Poverty – its sources and consequences, is a serious issue for Toronto. There are hundreds of thousands of Torontonians that are currently unemployed. Not only is this a loss of much productive power in our city, it has devastating impacts on individuals and families and pushes many people into poverty, homelessness and subject to numerous social stressors. Homelessness is also a product of low welfare payments, lack of affordable housing and inadequate medical and psychiatric services. These are just a few of the issues related to poverty and as City Councilor I will advocate unequivocally for the cause of eradicating poverty and the effects of poverty.

Q: What one election issue do you feel is most relevant to your ward in this election?

Energy and conservation. Not only does the Portlands Energy project in Ward 30 need to be halted, the City has the opportunity to become a leader in addressing energy usage and emissions of green house gases. I am a proponent of achieving our energy goals through an aggressive energy conservation program using incentives, tax policy and other tools to achieve it. Ward 30 could be the leader in this area rather than being the Ward that could becomes the highest new green house gas emitter in 2007.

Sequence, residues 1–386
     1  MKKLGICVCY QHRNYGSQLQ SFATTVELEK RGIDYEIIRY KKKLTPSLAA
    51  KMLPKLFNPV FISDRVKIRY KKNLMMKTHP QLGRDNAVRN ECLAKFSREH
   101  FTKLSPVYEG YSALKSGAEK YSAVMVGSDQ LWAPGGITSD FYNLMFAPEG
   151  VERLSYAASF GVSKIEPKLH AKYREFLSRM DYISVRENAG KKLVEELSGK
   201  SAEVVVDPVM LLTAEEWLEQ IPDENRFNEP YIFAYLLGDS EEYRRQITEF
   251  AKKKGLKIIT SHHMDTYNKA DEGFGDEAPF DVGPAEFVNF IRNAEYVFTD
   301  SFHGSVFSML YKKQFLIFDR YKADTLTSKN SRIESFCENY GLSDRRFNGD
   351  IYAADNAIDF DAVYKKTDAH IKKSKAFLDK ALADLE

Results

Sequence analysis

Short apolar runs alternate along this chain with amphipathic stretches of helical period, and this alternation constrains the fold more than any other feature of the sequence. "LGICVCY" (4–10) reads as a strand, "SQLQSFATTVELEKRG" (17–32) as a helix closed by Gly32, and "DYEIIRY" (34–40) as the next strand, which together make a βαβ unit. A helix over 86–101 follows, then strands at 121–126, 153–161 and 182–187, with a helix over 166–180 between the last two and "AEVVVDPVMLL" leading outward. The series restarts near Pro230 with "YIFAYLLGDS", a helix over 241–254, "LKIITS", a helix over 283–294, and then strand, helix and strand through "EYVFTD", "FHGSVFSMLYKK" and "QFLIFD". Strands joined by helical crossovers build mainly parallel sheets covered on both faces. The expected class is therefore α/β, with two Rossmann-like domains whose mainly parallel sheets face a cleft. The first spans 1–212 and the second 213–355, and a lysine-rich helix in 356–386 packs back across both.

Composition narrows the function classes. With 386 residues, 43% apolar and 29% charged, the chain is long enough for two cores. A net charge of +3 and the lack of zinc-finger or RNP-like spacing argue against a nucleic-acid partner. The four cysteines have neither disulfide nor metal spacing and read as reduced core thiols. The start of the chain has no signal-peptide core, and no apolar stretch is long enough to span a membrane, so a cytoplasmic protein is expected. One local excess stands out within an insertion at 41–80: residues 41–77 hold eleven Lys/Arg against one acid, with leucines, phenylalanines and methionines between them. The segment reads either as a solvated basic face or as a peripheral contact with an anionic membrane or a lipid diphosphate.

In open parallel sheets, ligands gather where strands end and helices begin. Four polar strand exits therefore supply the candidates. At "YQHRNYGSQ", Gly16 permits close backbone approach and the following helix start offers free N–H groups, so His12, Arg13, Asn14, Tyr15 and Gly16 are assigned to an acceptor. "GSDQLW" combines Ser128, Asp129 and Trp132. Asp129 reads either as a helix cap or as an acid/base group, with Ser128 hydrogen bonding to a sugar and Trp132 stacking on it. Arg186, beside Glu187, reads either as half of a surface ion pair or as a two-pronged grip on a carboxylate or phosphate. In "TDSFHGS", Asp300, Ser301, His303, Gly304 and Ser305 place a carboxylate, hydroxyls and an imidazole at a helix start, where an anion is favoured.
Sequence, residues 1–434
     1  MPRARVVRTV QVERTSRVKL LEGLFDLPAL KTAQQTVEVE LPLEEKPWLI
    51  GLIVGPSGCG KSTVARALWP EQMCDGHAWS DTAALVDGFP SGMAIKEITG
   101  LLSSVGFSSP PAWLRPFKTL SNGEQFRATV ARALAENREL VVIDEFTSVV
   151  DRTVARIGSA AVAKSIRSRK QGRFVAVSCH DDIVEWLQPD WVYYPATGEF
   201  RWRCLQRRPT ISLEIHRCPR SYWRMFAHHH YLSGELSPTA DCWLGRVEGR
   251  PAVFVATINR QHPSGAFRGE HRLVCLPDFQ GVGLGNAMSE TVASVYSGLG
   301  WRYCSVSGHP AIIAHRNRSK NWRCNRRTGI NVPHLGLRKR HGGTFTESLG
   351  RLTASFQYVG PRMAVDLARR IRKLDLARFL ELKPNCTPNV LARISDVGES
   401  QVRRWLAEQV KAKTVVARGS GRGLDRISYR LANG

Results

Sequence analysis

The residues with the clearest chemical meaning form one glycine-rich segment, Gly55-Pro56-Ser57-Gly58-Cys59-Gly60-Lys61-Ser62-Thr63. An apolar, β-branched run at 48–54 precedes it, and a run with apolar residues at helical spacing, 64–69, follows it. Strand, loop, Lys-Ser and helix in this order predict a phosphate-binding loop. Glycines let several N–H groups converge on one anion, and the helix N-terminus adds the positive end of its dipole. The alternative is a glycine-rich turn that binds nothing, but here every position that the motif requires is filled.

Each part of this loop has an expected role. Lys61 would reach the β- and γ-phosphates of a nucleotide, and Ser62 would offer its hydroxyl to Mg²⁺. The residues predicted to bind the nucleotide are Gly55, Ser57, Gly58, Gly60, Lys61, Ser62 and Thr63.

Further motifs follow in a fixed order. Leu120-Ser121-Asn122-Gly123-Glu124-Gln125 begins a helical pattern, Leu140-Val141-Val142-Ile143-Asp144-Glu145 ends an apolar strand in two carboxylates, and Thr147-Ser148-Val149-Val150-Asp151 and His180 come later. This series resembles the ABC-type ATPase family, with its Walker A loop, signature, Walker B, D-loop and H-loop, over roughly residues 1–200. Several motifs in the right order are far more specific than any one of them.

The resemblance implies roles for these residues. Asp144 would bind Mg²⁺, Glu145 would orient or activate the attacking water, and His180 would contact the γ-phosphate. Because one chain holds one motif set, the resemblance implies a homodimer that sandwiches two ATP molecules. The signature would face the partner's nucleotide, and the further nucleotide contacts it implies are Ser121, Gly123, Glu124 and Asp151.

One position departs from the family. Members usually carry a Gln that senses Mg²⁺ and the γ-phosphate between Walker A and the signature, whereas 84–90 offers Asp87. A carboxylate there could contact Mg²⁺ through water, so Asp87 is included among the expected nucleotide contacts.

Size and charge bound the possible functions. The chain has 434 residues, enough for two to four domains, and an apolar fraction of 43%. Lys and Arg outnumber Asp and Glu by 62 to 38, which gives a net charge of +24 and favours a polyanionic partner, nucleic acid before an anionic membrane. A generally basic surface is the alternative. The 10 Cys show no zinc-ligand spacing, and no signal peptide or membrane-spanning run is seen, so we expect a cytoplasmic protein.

Q: Why have you chosen to involve yourself in the political process?

A: I believe I have the experience, education and desire to provide the leadership needed in the role of Councilor. I have always had a keen interest in politics and have taken many opportunities to be involved in various groups/boards/initiatives to help make a positive difference in our society. Toronto City Council is in need of leadership and I pledge to serve in this capacity to push forward a progressive agenda of change.

Q: Why do you want to represent this particular ward on council?